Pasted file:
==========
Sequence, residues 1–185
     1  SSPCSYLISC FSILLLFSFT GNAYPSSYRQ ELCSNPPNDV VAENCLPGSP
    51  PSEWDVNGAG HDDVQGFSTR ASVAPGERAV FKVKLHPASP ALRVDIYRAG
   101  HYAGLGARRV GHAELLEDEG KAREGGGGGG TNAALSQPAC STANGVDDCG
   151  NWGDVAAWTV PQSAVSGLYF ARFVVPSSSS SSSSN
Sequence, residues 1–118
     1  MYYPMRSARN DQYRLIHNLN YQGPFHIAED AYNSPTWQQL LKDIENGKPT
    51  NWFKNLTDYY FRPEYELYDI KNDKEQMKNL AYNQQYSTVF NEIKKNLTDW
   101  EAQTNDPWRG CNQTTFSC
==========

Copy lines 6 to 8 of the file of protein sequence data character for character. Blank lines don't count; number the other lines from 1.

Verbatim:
Sequence, residues 1–118
     1  MYYPMRSARN DQYRLIHNLN YQGPFHIAED AYNSPTWQQL LKDIENGKPT
    51  NWFKNLTDYY FRPEYELYDI KNDKEQMKNL AYNQQYSTVF NEIKKNLTDW